Virginia GOP Surprised At Sudden Influence
July 7, 2008 - 7:25 PM
Fairfax, VA (CNSNews.com) - While only 56 delegates are at stake in Virginia's GOP primary, many voters in the Old Dominion seemed keenly aware of the importance of their primary as the candidates scramble to claim momentum going into next week's Super Tuesday voting.
"This election is maybe the most important in Virginia in years," said James Spivey, a retiree and military veteran at a polling site in the state's populous Washington, D.C. suburbs. "I'm proud Virginia gets to be so important."
While Arizona Senator McCain has made outreach to fellow veterans a mainstay of his insurgent campaign, Spivey planned to vote for his opponent, Texas Governor George W. Bush.
"I don't like it when I hear McCain making nasty comments about [Senator John] Warner and [Governor James] Gilmore," said Spivey.
Last Sunday at a rally at his Alexandria, VA, national headquarters, McCain pledged to defeat "the Gilmore-Warner machine," referring to the state senior Senator and popular Republican Governor, both of whom are supporting Bush.
"I say to the Gilmore-Warner machine, 'Hasta la vista, baby,'" McCain said at the rally.
At a rally in the state capital of Richmond Monday, Warner told Bush supporters, "Old John came into my back yard yesterday."
However, McCain supporter Virginia Marie Prescott told CNSNews.com that she supported the Senator's comments Monday on the "intolerant agents" of the Christian right.
"We need to get our party out from underneath the Christian Coalition," said Prescott. "All they do is lose elections for us, and I'm glad Sen. McCain has the courage to stand up to Pat Robertson."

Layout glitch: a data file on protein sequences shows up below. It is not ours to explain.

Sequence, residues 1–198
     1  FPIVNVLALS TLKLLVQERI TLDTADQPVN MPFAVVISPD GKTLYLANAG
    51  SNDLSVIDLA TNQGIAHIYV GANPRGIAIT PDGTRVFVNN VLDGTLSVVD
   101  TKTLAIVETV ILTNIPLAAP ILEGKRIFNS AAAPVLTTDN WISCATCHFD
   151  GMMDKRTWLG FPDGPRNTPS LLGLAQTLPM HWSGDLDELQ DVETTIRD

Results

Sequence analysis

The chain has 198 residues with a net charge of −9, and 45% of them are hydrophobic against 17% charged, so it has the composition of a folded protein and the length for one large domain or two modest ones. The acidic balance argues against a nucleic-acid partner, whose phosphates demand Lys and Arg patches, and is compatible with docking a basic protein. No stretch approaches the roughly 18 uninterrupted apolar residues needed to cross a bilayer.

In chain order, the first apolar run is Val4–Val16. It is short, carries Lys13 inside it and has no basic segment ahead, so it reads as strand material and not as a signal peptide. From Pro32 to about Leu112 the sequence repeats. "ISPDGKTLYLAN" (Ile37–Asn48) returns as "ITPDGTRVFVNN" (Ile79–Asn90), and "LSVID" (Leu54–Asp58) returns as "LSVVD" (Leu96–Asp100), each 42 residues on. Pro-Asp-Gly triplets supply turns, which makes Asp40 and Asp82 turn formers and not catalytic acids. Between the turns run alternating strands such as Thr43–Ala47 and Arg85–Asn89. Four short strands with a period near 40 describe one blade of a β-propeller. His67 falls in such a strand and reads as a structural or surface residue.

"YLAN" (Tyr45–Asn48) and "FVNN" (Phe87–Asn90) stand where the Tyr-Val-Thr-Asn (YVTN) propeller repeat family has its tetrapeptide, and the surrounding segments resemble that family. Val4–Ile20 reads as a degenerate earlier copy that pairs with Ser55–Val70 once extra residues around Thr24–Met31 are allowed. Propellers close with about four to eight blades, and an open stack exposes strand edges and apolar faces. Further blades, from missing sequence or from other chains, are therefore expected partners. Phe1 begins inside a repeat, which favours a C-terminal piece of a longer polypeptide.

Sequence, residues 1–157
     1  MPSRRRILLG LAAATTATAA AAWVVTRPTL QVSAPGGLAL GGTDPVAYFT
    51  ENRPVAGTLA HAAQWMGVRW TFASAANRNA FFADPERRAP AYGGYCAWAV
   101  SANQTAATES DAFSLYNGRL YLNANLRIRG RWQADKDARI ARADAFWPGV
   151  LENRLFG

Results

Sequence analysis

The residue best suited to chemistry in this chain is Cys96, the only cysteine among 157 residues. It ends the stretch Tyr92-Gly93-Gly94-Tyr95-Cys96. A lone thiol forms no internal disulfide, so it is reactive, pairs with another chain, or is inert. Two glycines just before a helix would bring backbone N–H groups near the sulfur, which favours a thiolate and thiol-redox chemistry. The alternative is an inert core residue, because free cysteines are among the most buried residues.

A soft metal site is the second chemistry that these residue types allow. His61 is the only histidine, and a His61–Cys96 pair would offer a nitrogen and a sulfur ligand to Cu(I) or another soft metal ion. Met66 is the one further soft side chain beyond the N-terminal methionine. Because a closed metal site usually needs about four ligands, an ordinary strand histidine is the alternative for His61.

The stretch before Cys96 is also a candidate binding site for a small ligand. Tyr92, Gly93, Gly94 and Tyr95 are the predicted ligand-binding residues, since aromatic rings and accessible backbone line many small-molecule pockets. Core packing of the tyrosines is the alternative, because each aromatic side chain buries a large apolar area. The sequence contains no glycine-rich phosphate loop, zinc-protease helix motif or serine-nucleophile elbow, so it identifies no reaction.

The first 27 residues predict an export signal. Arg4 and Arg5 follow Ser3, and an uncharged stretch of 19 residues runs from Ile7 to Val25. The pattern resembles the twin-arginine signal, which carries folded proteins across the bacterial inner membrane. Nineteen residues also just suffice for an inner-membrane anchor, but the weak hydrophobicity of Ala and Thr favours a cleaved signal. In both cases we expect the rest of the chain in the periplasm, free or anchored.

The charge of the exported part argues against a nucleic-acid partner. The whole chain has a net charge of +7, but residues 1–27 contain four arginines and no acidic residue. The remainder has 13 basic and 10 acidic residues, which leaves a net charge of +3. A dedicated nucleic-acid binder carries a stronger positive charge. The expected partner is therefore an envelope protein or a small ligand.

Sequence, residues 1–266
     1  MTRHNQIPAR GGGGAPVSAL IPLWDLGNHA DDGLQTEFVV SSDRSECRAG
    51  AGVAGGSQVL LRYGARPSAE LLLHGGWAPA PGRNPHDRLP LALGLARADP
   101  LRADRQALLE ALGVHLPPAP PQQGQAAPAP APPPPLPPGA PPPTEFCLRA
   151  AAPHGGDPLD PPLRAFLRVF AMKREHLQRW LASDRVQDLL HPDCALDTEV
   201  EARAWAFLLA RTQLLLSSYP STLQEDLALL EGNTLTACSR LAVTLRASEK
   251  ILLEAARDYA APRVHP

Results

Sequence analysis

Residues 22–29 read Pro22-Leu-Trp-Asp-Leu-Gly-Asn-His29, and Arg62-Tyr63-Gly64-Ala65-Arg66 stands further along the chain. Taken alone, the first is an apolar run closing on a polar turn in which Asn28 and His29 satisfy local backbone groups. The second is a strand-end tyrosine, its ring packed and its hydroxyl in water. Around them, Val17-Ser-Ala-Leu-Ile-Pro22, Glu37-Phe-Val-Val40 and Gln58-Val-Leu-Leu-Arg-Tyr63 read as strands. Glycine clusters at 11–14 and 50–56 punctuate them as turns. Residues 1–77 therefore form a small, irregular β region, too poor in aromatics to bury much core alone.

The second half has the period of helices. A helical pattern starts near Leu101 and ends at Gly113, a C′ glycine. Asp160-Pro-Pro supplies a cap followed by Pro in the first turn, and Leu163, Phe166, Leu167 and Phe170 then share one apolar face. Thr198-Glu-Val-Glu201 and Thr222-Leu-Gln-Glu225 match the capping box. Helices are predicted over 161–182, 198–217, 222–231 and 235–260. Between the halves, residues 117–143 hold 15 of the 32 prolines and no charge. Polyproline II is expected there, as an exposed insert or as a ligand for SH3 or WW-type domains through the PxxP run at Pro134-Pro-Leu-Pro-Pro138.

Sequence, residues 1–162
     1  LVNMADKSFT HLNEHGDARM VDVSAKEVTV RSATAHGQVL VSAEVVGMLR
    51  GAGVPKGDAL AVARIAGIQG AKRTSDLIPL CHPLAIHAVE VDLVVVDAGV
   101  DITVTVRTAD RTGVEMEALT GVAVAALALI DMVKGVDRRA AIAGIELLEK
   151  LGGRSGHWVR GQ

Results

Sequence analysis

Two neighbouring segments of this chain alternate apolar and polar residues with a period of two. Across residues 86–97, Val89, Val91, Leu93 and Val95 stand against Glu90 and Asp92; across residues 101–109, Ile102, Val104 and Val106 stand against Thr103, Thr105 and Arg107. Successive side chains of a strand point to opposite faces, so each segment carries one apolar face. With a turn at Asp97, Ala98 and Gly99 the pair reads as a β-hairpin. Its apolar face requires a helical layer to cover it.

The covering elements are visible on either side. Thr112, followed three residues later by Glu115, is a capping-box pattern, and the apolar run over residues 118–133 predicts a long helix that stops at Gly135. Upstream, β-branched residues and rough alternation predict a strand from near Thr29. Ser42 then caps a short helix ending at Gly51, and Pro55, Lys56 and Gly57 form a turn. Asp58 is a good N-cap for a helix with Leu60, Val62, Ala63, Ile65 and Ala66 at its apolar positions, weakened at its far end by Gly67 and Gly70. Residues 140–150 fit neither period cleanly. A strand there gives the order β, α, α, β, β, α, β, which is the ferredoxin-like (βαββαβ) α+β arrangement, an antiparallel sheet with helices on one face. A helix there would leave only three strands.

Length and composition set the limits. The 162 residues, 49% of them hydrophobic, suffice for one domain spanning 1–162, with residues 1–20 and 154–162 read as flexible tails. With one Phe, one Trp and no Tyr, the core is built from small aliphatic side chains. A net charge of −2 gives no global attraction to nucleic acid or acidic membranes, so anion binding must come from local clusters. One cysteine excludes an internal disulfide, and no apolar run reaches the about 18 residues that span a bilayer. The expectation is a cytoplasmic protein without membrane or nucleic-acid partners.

Polls in Virginia, which the Bush camp originally considered a "firewall" designed to be a safe Bush victory, have shown the race tightening in recent weeks. A recent Mason/Dixon Group poll shows McCain eight points behind Bush in Virginia.
Virginia is one of the most solidly Republican states in the nation, where all three constitutional offices, as well as the General Assembly and the state Senate are controlled by the GOP. In the past, that GOP lock - as well as Virginia's proximity to Washington, D.C., and high number of politically aware citizens - has meant that few presidential candidates have campaigned in the state. This is the first Virginia primary in years; usually, delegates are chosen in caucuses controlled by the party establishment.
Robert Macomber told CNSNews.com that he couldn't remember the last time a Virginia primary was important to either party's nominating process.
"Usually, we got left out of the primary races," said Macomber. "I didn't want to have a primary. Who wants candidates tromping all through the state?"
Voters do not register by party in Virginia, meaning Democrats and independents can vote in the Republican primary. However, all voters are required to sign a pledge swearing not to vote in any other parties nominating process.
"I, the undersigned, state that I do not intend to participate in the nominating process of any other party than the Republican Party," reads the pledge.